Wednesday, January 18, 2012

Craft Round Up

I've never thought of myself as a crafty person.

Unless we're talking about crafty as in mwa-ha-ha (evil laughter), in which case... well, maybe only in my head.

ANYWAY, I had my fair share of crafting in Girl Scouts and art class and Sunday School and so on, and I always sort of dutifully followed directions. I'm not particularly dextrous and never considered myself to be visually creative, plus I'm kind of lazy, impatient, and easily bored. Not really a good combination of traits for, say, making a reproduction of the Mona Lisa out of beans and rocks and cat fur and things you find around the house.

But my dear mother did teach me how to use a sewing machine and I had a few half-hearted attempts at making clothing in which I always took the laziest possible way out (tape is a perfectly fine way to hold up a hem, thankyouverymuch).

Then my sister-in-law got pregnant and one of those brash, unlikely, over-ambitious ideas popped into my head. "Hey, I wonder how hard it is to make a quilt?"

Not very, as it turns out.

Quilting involves a lot of precise, detail-oriented, repetitive work. Which is the kind of thing you'd think that I'd hate, but I actually love, as long as I have something else going on in the background. So I watch mindless TV and quilt. Desperate Housewives is particularly good for this. Right now, in addition to two super-secret projects (gifts), I'm making a king-size quilt for us using scraps from previous quilts and several of Leland's old shirts.

These are nine-patch blocks.
And the lighting I took the pictures in
is what photography pros call "shitty".

I'm hoping that it doesn't look too insane when I sew it all together. But that's Future Anna's Problem.

As mentioned in the previous post, I also recently made some very pretty mint jelly.

Oh mint jelly, I will never eat you all

And a couple of weekends ago, I went haring off down another trajectory after my mother-in-law and soap maker extraordinaire Phyllis expressed a desire to learn how to felt soap. I Googled up some tutorials and thought "I can do that". And guess what?


Really the only special skills you need to have in order to felt soap are to possess hands or exceptionally dextrous* feet. And a tolerance for touching wet unspun wool, which is slightly creepy since it is basically wet hair. You get the wool wet and agitate it around the soap, and it shrinks around the bar just like your favorite sweater in the wash. The idea is then that the soap is enclosed in its own washcloth/gentle exfoliating surface. To be honest I thought it was more fun felting the soap than using it afterwards. But apparently some people love that kind of thing, so to each their own.

I also did a really neat-o project yesterday, and I took lots of pictures so let's get our tutorial on, everyone!

We're going to turn an old t-shirt into a bag, like the kind you might bring to the farmer's market to put all of your local organic vegan gluten-free lactose-free cruelty-free food-free goodies into, you crazy hipsters, you.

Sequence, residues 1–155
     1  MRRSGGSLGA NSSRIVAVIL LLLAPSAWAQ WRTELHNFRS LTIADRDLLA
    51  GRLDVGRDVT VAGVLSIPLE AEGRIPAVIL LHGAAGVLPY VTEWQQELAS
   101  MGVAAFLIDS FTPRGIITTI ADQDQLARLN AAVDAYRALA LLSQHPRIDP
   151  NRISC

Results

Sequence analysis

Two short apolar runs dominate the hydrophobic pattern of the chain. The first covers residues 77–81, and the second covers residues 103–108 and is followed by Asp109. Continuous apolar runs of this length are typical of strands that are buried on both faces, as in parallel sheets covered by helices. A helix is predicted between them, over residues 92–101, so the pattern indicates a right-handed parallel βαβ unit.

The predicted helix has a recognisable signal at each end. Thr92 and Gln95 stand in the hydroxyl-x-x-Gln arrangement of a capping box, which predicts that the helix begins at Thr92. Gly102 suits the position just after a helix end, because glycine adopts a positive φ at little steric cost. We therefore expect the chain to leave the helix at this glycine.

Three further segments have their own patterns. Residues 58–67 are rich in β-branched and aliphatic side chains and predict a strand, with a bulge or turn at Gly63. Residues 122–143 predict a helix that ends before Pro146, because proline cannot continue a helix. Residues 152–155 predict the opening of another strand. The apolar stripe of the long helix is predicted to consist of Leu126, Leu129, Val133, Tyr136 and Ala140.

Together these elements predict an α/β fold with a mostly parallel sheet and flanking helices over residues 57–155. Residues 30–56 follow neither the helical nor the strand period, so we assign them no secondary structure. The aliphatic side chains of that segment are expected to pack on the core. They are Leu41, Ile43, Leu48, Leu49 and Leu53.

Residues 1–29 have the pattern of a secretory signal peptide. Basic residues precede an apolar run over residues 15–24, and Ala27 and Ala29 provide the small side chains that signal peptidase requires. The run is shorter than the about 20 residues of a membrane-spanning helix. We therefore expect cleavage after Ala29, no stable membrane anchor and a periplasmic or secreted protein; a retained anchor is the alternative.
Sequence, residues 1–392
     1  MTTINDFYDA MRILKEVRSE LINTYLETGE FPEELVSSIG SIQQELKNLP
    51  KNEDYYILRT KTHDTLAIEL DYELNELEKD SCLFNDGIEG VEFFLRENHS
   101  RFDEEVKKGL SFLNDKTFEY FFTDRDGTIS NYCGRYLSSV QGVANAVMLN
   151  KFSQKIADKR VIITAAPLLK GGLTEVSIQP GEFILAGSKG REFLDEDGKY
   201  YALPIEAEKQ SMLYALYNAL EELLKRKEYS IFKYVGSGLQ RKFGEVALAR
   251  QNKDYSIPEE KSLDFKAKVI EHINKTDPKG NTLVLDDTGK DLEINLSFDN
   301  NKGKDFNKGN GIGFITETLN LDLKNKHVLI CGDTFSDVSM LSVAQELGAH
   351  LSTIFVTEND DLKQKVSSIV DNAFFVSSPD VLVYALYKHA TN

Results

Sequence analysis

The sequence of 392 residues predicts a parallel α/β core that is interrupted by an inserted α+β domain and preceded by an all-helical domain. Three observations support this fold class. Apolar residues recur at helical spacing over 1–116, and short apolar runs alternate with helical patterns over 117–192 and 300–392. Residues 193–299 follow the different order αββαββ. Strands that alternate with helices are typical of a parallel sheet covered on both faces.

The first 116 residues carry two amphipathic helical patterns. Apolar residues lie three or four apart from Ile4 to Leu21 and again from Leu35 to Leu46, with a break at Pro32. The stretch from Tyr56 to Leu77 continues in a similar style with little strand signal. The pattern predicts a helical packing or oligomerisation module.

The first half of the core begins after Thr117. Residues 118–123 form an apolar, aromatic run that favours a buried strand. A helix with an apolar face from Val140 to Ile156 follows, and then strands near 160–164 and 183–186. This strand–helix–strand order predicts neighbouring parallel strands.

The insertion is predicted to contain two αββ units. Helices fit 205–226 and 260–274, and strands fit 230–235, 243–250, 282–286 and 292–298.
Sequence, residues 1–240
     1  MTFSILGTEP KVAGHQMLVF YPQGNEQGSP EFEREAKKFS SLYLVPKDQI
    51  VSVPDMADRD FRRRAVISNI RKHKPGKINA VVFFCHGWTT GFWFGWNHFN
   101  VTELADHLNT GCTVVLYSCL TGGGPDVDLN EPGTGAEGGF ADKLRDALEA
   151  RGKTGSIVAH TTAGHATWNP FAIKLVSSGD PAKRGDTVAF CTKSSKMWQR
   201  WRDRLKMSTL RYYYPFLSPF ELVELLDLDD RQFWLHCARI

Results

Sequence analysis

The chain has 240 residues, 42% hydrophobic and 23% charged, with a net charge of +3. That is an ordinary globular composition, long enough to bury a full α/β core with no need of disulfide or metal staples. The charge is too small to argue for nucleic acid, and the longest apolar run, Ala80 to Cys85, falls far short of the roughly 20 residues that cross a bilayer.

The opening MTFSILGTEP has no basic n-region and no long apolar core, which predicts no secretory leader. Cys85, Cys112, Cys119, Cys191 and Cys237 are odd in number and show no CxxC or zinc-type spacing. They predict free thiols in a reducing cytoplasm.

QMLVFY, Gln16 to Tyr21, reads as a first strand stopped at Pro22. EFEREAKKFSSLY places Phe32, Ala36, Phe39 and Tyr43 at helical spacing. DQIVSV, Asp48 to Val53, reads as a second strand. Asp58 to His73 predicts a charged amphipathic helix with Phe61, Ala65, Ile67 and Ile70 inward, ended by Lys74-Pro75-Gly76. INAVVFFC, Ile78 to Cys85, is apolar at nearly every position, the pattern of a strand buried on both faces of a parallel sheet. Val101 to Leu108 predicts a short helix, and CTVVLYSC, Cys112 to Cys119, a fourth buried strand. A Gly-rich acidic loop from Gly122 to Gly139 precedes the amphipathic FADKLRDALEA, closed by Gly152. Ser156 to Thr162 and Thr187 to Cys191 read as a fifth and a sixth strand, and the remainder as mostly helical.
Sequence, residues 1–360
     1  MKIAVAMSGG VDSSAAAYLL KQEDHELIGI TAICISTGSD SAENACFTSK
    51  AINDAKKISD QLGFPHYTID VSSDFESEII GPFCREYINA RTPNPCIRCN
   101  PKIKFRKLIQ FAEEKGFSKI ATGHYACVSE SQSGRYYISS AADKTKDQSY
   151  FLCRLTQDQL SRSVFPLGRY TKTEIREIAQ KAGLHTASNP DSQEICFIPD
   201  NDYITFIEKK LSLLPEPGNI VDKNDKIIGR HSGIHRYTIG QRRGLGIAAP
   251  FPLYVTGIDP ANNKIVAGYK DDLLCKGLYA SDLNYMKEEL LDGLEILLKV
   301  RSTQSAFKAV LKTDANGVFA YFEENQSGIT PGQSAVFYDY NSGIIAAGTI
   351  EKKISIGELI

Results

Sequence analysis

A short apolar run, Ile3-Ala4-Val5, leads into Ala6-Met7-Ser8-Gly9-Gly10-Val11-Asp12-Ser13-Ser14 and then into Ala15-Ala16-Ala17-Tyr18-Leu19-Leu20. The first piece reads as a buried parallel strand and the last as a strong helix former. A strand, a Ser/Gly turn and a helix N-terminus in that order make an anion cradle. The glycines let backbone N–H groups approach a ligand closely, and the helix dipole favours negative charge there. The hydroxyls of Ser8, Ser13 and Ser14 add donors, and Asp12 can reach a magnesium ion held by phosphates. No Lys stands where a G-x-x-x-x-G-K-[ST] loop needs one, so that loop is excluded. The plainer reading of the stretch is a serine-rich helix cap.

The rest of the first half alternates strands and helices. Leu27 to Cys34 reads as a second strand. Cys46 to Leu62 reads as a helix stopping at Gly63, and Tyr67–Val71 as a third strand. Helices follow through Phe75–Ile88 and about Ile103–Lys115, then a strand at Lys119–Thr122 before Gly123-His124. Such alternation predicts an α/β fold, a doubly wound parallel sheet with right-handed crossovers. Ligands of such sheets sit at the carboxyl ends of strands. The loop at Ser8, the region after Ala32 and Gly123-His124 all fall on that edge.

Step 1: Start with that great t-shirt that your friend gave you (you know, the friend who always gives you the best presents) that fit for about ten minutes and forever after has sat languishing in your drawer, accusing you with its eyes.** By the way, Electric Fetus is an awesome record store (and maybe just a wee bit of a head shop) in Minneapolis.

Step 1. Shame t-shirt.

Step 2: Cut off the sleeves and the collar. You're making the handles of the bag.

Or just stop here and have a very attractive tank top
to wear to the monster truck rally

Step 3: Festoon your loved ones with the discarded sleeves and collar, then take pictures of them looking reproachfully at you. Laugh at them while you're doing this and threaten to post it on the internet where the twelve people who read your blog will see it.

Nova only has two expressions: reproachfulness and guilt

And Leland has his mouth full. Lovely.

Step 4: Turn the t-shirt inside out. You can either cut the bottom hem off now or after you've sewed it shut. I did it after. Doesn't matter. Slap a few pins on the bottom to hold it together.

Step 5: The only step which requires some semblance of skill. Sew a straight*** line across the bottom. I used a very wee stitch length to make the stitch stronger and did a second stitch 1/8th of an inch apart to reinforce the bottom of the bag.

No, it doesn't need to be neat. It's the inside of a bag.

Step 6: Turn the t-shirt rightside out and marvel at your creation. Put things in it.

And you've entertained yourself for 10 whole minutes!

And that's it! And next time you're at Giant Eagle, you can tell the uncaring bag boy that you upcycled your t-shirt all by yourself! But don't use the word upcycled because you will sound like a tool.****





*Dextrous seems to be the word of the day.

**Man, I am full of beans today, aren't I? This is what you get for telling me my blog posts are funny. I get all carried away.

***or wobbly, depending on how many gin & tonics you've consumed by this point. As long as it goes all the way across the bottom, who cares?

****Yes, the CONCEPT of upcycling is great. Take something old and useless and make something new, functional, and hopefully cute. But do we have to have such a self-congratulatory, self-righteous word for it?


  1. God I love reading your blog posts. :)

  2. Your blog posts are funny. And you're a funny person in general.

    That's some crafty shit up ins.